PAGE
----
A: For a start, the playing talent’s definitely there at both levels. So it’s not a talent issue. Initially it’s about fitness, leadership and drive. Then it’s a matter of bringing that together collectively and that applies to both the Waratahs and the Wallabies. And, might I add, the sooner we do that the better.

Q: The Waratahs Rugby Board is in the process of appointing a new head coach to replace Michael Foley. At what stage is that at and is there any likelihood of that person coming from another State or country?
A: The Waratahs Rugby Board is hoping to announce the name of the new Waratahs head coach either this or next week. We’ve looked closely at everyone who has put their hand up for the job. The applicants have come from NSW, interstate and overseas. It has been an extensive and interesting process, as it gives a clear indication to the board as to what the future holds. And I might add that we’ve been most impressed with the quality of the applicants we’ve interviewed.

Q: Does having Super Rugby matches on weekend afternoons appeal to you and, if so, can we expect to see more of them at Moore Park in 2013?
A: Most definitely. The board would like to stage as many matches on Sunday afternoons as we possibly can because of the added appeal they have for families and young people. We are controlled in those numbers by Fox Sports, but in 2013 I can tell you now that we’ll have two Super Rugby matches in the afternoon at Moore Park, plus hopefully the much-anticipated match against the British & Irish Lions on 15 June. We’ve just got to hope that the Waratahs are well positioned on the ladder and we’re up against top opposition. We’re fully aware
that going to the rugby has become expensive and that it’s too late being out at 10.30 at night for many families. So we have Jason Allen (CEO) working hard at getting two matches being played on Sunday afternoons, along with the Lions fixture.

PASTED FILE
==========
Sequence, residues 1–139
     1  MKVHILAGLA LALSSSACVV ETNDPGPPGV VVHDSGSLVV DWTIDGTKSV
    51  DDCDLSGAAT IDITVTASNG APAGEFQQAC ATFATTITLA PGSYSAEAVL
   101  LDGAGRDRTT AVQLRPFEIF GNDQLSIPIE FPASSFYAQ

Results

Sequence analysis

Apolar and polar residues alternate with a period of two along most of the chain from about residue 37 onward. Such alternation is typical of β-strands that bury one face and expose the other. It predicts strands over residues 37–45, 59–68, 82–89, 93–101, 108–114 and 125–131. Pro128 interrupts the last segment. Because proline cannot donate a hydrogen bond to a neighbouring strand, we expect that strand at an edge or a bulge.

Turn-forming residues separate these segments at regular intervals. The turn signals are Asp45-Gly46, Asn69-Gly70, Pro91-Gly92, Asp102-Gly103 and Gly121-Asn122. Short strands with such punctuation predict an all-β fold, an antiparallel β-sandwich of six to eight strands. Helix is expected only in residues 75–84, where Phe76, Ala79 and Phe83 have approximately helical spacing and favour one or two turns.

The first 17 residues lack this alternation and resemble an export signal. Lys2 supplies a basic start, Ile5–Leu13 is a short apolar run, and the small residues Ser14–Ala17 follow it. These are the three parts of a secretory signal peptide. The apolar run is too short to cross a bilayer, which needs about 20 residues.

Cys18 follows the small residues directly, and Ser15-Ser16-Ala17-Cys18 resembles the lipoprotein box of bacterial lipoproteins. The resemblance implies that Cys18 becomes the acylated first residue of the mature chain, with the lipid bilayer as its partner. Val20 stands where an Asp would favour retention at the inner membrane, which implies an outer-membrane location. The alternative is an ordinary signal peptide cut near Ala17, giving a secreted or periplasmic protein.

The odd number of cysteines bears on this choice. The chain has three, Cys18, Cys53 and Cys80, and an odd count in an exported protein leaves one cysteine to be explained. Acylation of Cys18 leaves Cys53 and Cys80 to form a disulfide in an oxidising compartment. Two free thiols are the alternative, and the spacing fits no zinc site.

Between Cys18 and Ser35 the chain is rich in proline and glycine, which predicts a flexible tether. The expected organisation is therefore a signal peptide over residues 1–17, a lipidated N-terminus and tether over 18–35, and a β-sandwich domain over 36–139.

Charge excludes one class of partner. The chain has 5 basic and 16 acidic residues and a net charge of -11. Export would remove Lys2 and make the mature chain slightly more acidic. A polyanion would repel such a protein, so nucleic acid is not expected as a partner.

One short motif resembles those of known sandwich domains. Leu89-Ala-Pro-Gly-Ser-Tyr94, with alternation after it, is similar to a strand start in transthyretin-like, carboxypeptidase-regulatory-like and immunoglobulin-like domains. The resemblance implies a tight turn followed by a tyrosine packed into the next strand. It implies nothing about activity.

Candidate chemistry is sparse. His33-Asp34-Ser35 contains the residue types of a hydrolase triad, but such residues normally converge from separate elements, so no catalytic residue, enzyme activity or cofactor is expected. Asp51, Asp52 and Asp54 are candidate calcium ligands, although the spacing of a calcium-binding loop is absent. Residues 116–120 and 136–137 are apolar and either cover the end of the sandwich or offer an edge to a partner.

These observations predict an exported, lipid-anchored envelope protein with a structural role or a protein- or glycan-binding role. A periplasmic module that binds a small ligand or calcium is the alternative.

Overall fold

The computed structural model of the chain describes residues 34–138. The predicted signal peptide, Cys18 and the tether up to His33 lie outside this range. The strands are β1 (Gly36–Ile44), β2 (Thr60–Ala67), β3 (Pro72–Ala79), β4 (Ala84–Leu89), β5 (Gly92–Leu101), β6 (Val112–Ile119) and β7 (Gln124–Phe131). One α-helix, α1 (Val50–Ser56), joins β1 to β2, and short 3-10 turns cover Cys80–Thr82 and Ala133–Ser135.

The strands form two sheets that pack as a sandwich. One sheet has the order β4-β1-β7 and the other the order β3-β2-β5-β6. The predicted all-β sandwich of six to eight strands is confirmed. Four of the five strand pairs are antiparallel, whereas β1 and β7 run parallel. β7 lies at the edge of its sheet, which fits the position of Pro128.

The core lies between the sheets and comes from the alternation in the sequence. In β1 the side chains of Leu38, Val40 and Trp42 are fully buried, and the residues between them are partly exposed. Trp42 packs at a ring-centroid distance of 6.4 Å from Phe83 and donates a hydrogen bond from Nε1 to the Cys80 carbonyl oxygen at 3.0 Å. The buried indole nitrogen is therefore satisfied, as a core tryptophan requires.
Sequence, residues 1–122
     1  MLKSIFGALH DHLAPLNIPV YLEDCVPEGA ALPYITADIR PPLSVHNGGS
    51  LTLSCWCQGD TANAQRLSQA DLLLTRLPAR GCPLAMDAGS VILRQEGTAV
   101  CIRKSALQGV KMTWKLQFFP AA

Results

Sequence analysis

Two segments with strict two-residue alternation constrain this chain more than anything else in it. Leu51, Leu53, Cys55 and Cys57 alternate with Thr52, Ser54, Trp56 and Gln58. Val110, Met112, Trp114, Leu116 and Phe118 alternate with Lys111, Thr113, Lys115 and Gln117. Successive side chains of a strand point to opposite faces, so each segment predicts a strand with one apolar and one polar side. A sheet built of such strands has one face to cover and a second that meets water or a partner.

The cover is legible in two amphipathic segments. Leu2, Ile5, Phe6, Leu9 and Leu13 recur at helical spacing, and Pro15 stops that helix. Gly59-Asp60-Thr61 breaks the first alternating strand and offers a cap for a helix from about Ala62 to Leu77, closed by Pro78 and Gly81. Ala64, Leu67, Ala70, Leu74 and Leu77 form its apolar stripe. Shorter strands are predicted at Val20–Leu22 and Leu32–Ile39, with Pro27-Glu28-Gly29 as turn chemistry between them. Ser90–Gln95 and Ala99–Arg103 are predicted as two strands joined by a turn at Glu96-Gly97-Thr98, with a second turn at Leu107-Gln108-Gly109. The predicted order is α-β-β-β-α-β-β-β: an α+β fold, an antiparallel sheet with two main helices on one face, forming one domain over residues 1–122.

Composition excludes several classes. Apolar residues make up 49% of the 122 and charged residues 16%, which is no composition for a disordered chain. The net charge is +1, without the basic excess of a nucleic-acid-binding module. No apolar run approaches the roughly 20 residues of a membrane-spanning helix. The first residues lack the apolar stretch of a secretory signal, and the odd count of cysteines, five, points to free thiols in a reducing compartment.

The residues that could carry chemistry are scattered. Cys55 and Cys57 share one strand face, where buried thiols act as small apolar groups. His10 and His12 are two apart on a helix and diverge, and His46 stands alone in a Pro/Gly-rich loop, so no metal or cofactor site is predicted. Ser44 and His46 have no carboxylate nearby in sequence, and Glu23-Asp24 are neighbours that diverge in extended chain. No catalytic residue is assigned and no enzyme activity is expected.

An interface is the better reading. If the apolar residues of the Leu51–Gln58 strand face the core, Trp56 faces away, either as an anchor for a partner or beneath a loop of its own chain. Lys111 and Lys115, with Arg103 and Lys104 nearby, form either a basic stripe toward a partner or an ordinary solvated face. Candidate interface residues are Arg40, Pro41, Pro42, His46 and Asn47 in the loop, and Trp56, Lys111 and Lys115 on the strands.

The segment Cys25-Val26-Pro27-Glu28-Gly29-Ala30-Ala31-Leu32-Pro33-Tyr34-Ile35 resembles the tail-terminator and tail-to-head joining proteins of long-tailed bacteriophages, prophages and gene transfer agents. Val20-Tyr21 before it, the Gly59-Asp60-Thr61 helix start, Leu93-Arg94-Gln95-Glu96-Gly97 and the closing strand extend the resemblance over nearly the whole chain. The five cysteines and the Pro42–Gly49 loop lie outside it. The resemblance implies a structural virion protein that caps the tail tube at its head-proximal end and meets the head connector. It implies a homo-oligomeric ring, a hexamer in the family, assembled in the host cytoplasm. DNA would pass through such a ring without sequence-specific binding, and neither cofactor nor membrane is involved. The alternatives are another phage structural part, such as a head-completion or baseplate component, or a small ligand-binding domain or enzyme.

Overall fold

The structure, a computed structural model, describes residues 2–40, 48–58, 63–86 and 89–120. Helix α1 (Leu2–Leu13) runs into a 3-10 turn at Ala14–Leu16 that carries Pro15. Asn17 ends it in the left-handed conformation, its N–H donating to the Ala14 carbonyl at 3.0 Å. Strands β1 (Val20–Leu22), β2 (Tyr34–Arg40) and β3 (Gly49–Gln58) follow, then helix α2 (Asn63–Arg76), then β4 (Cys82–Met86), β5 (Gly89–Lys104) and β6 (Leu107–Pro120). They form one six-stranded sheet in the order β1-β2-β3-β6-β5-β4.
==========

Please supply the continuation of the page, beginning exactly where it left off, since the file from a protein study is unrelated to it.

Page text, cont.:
Q: Can we expect to see many, if any changes to the Waratahs playing squad in 2013?
A: Yes, we’ve got a few exciting additions, including young Wallaby flanker Michael Hooper and some promising local youngsters in Sydney Uni wing Michael Hodge and fulllback Cam Crawford, who comes home after two years in Canberra. Plus we’ve got high expectations this year for the talent that’s coming through our ranks with the likes of Bernard Foley, Tom Kingston and Lopeti Timani.

Q: Your wider umbrella must embrace club and suburban rugby as well. It has clearly changed since your playing days and how would you like to see it improved to increase both playing
numbers and attendances?
A: I can go back to my own playing days in the 1970s when we had a string of representative players in our University lineup and Norths had almost a whole pack of Test forwards. While we mightn’t see those numbers on a regular basis nowadays, our grassroots rugby still produces very good football. We might read a lot of negativity in some parts of the media, but club rugby is still of an exceptionally high standard and Robbie Deans, for one, fully supports the idea of seeing as many Wallabies as possible playing for their clubs when they’re not selected for
Australia. His approach is that if they’re not in the 25-man Wallabies playing squad, then they’ve got to get out on the paddock elsewhere. All the applicants that we have interviewed for the Waratahs head coaching position support that idea as well.

Q: Finally, your pick to win today’s grand final?
A: Jim, what a silly question... Of course my money’s on University, but let me say that two years ago the best match I watched all season was that against Southern Districts at University Oval. It was an absolute cracker of a match. Mark my words, they’re a very good side and it’s so good having them there in the grand final. Good luck to them!